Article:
A mass kill is a generic term used to describe a form of communal hunting strategy like a desert kite or buffalo jump, that has the intent of killing dozens if not hundreds of ungulate animals all at once. Mass kills are a form of Traditional Ecological Knowledge that was practiced in different variations all over the world, beginning at least as long ago as the Upper Paleolithic period of 25,000 to 30,000 years ago. The practice of mass killing (termed as "overkill") is one of several, and probably the least convincing, of the explanations given for the Late Pleistocene megafaunal extinctions.

Mass kill strategies were used only rarely, probably because our ancient hunter-gatherer relatives knew that to kill more animals than you could reasonably store for future consumption was wasteful.

Mass hunting is a collaborative technique, which at its most basic form requires a specific environment: a large flat tableland fringed by ravines, where migrating animals cross on a predictable cycle. Communal hunting was practiced in tundra, grassland, alpine and desert regions of the world. Mass kills involve the creation of drive structures as well as an understanding of animal behavior and an elevated level of human cooperation. As such it is evidence of modern human behaviors.

The advantages of such cooperative efforts are fairly clear. Expending the energy to build a trap in the right place would have been insurance, providing (if for only once or twice a year) a predictable and massive source of meat, hides, and bone which could be stored for future use.

Animals in a Mass Kill

Most of the reported mass kill strategies targeted ungulates, even-toed hoofed mammals also known as artiodactyls.
  • Ass (Equus africanus)
  • Bighorn sheep (Ovis canadensis)
  • Buffalo (Bison bison)
  • Caribou/Reindeer (Rangifer tarandus)
  • Gazelle (Gazella sugutturosa, G. gazelle, G. dorcus)
  • Horse (Equus ferus)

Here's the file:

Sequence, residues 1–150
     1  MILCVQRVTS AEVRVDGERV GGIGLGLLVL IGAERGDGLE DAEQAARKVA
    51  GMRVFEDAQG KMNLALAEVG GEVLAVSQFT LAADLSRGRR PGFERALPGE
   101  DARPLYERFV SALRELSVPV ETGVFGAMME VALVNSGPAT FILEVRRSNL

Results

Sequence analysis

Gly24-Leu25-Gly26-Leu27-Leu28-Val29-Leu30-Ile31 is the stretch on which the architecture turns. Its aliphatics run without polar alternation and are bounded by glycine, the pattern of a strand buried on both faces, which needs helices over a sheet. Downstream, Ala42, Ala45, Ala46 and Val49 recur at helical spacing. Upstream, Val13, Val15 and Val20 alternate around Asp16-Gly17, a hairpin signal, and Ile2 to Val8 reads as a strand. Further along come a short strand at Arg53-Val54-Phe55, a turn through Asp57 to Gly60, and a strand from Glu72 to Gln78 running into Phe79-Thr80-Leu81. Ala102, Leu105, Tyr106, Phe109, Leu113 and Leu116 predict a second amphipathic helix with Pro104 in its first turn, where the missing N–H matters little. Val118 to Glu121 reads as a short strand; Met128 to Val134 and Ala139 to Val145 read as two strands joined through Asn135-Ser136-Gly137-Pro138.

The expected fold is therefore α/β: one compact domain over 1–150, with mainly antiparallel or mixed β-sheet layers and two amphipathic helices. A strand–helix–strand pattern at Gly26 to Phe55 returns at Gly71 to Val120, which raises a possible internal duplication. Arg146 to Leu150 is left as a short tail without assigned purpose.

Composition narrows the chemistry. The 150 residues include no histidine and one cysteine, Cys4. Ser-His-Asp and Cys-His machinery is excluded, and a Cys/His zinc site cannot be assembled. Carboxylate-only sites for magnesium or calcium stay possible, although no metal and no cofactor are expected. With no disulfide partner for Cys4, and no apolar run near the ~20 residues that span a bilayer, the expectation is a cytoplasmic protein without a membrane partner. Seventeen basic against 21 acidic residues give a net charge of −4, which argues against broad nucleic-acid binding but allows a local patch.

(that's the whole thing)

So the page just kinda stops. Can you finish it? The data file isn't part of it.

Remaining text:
• Pronghorn antelope (Antilocapra americana)
  • Mammoth (Mammuthus primogenus) (possible)
  • Onager (Equus hemionus)
  • Oryx (Oryx leucoryx)
  • Springbok (Antidorcas marsupialis)
Other animals hunted by mass killing efforts include ostriches (Struthio camelus), fish (known as a fish weir), rabbits, crickets, wild boar, moas (possibly), dodo birds (arguably), and even Arabian leopards have been herded and killed en masse.

How to Kill Dozens of Animals at Once

The method used in mass kills is similar across the globe: a hunter-gatherer society constructed traps, corrals or blinds along the known paths of migrating animals or simply took advantage of the local topography, box canyons, narrow gorges or steep cliffs. When the animals passed by during their seasonal migration, the group worked together to drive the herds into the corrals or pits or off cliffs where the animals would be killed and harvested for their meat, hide, and other raw materials.

The oldest (putative) mass kill known so far is at La Cotte de St. Brelade, a coastal Neanderthal site on the isle of Jersey in France, where massive piles of mammoth bones were interpreted as the results of Neanderthals herding the extinct elephants off a cliff. Scott and colleagues (2014) have disputed this interpretation based on a detailed study of the evidence. On Tanegashima Island in Japan, hunter-gatherers excavated rows of pits at least 30,000 years ago. These trap-pits were arranged in long lines alone a flat terrace, and the herds of animals (wild boar and deer) were driven across it (Sato 2012). Another early example is the Upper Paleolithic site of Solutré in France, where a massive quantity of horse bones was identified and interpreted as a mass kill (Olsen 1989). Desert kites and buffalo jumps were permanent structures built to help groups of people purposefully herd a large group of animals into pits, enclosures, or off steep cliff edges, which begin as early as the PrePottery Neolithic period in southwest Asia between the 9th-11th centuries BCE, and the Archaic period in the Americas at roughly the same time.

A Sampling of Archaeological Mass Kill Sites
Site, LocationDate Animal Reference
La Cotte de St. Brelade, France Early MIS 6, 190,000–130,000 mammothScott et al. 2014
Otsubobatake, Japan Early Upper Paleolithic, 31,000 RCYBP boar, deerSato 2005
Solutré, France Upper Paleolithic, 23,000 bp horse Olsen 1989; Kuntz and Costamagno 2011
Dragon Blind, USAArchaic, 9900-7500 bpreindeerO'Shea et al. 2013
Drop 45 Drive Land, CanadaArchaic, ~9,000 bpreindeerO'Shea et al. 2014
Tama New Town, JapanInitial-Middle Jomon, 8,000-4,000 BPboar, deerSato 2005
Hawken, USA Early Archaic, 5,000 cal BCEbuffaloDriver et al. 2013; Bamforth 2011
Head–Smashed–In, Canada4300–3800 cal BCE and 1200 cal BCEbuffaloNewman et al. 1996
Trapper's Point, USA Early Archaic, 6010–5160 RCYBP pronghorn antelopeFenner 2009
Jebel Hamra, Sinai3341–2040 cal BCEgazelleHolzer et al. 2010
Samal kites, Israel3000–2300 BCEgazelleNadel 2010
Iqaluktuuq Drive, CanadaDorset 100 cal BCE–1350 cal CEreindeerFriesen 2013
Laidlaw, Canada3280 RCYBPpronghorn antelopeBrink 2009
Hardangervidda, Norway13th century CEreindeerIndrelid and Hufthammer 2011
SK400, South Africa370–420 RCYBPspringbokDewar et al. 2006
Olson, USA1300–1900 CEbighorn sheepLaBelle and Pelton 2013


''Note: This article was originally published on About.com on or before March 8, 2014 as
but has been removed from that site. I really don't remember when I first wrote it.